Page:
Biopreservation and biobanking

Surgical Specimens of Colorectal Cancer Fixed with PAXgene Tissue System Preserve High-Quality RNA.

PMID 26484572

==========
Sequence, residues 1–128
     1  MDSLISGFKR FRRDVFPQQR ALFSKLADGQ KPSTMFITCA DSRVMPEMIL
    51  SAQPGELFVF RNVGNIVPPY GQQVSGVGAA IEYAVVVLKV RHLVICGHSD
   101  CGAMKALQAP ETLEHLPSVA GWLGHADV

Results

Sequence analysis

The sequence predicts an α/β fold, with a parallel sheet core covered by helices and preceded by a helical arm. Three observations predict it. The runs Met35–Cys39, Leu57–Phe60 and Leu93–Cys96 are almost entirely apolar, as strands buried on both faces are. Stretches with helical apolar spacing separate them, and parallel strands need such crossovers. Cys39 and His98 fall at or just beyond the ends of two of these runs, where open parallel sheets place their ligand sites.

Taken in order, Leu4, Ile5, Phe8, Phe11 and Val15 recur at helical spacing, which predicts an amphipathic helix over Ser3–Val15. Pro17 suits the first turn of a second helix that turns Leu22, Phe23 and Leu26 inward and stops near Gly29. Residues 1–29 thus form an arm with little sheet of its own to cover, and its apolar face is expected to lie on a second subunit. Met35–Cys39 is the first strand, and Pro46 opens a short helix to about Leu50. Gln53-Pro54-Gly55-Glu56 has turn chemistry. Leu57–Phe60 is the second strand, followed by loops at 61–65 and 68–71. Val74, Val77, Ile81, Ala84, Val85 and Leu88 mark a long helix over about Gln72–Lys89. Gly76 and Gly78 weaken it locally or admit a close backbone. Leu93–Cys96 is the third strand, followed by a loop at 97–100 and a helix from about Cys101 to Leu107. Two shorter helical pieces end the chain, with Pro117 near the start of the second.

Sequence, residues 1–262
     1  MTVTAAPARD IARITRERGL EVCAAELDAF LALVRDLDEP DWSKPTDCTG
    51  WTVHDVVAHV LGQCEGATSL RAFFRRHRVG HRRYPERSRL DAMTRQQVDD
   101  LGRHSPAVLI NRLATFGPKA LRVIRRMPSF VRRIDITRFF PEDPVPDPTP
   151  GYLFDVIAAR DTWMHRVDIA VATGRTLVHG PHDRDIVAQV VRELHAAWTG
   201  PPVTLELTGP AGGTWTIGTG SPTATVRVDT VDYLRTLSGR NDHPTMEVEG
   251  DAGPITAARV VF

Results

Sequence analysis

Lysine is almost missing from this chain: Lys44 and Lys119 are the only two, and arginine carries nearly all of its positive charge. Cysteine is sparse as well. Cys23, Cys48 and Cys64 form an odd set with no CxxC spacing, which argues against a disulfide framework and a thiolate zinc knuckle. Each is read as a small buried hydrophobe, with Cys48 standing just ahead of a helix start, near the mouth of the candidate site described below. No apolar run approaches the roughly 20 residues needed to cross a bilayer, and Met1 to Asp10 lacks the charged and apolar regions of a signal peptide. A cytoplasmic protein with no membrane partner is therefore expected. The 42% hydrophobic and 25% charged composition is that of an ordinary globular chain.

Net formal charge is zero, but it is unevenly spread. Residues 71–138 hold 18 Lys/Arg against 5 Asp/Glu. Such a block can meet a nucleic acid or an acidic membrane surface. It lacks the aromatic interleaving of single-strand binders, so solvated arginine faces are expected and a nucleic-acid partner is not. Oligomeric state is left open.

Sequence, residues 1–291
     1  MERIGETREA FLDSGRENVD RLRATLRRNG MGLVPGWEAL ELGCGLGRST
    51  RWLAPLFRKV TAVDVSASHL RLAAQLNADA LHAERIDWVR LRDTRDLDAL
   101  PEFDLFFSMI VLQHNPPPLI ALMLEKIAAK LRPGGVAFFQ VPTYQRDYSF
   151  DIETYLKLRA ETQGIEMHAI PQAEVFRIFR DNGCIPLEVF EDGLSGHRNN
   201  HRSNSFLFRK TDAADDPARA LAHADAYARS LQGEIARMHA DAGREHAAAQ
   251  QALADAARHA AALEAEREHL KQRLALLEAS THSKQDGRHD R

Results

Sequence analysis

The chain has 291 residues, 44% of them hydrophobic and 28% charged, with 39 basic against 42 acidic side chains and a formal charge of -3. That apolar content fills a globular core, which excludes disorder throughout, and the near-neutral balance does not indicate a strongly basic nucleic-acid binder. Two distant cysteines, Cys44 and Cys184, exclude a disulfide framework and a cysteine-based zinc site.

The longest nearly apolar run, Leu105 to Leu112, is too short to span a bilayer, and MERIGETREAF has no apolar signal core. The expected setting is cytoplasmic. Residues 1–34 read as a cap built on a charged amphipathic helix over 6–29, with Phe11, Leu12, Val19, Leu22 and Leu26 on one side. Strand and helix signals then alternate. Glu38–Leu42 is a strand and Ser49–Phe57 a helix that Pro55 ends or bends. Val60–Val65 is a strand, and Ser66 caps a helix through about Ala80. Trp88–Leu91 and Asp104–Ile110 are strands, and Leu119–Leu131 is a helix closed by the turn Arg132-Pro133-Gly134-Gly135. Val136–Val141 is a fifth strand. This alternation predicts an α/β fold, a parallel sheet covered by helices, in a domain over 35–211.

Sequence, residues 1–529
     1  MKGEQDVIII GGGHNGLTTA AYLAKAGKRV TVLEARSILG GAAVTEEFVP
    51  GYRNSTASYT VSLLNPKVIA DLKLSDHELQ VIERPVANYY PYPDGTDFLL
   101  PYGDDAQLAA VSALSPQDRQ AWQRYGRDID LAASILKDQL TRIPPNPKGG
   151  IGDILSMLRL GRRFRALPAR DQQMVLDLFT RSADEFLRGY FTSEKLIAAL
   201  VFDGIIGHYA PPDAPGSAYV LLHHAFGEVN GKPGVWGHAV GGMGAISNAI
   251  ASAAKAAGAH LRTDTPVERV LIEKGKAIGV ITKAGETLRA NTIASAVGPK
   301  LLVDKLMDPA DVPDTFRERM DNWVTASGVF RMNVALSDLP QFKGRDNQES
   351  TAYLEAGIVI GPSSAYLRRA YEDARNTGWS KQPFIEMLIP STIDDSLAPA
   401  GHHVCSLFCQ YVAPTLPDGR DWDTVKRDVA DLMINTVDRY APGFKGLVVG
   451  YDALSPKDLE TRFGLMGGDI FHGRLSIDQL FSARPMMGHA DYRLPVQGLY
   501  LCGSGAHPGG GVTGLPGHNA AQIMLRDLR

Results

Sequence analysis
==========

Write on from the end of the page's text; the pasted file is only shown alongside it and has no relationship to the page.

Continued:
RNA analysis of surgical specimens is one of the most useful methods for exploring biomarkers of advanced cancer. The most readily available source for RNA is formalin-fixed, paraffin-embedded (FFPE) specimens, but RNA isolated from FFPE tissue is of limited use. The PAXgene Tissue (PAX) system is a formalin-free system designed to improve the quality of molecular analysis without diminishing the quality of histopathological analysis. In this human colorectal cancer tissue study, we aimed to evaluate whether surgical specimens fixed with PAX can preserve high-quality RNA in comparison with FFPE and fresh-frozen tissue specimens. Ten consecutive advanced colorectal cancer patients undergoing colectomy were examined. Each specimen was processed in three ways: as frozen tissue, as PAX-fixed tissue, and as formalin-fixed tissue. RNA integrity numbers (RINs) were assessed using an Agilent Bioanalyzer. RNA transcript levels and stability were investigated by quantitative real-time PCR. We also evaluated the immunohistochemical intensity of Ki-67, CEA, and EGFR in the PAX samples. The average RINs of RNA extracted from frozen and PAX samples were significantly higher than those from FFPE samples (p < 0.001). The cycle threshold (Ct) values were similar in PAX and frozen samples, but significantly increased in FFPE samples (p < 0.001). Most of the ΔCt values in the PAX samples did not differ significantly from those in the matched frozen samples. On the other hand, most of the ΔCt values in the FFPE samples differed significantly from those in the matched frozen samples. The immunohistochemical intensity in the PAX samples was well preserved. The quality of RNA extracted from PAX samples may be slightly inferior to that from frozen samples, but is greatly superior to that from FFPE samples.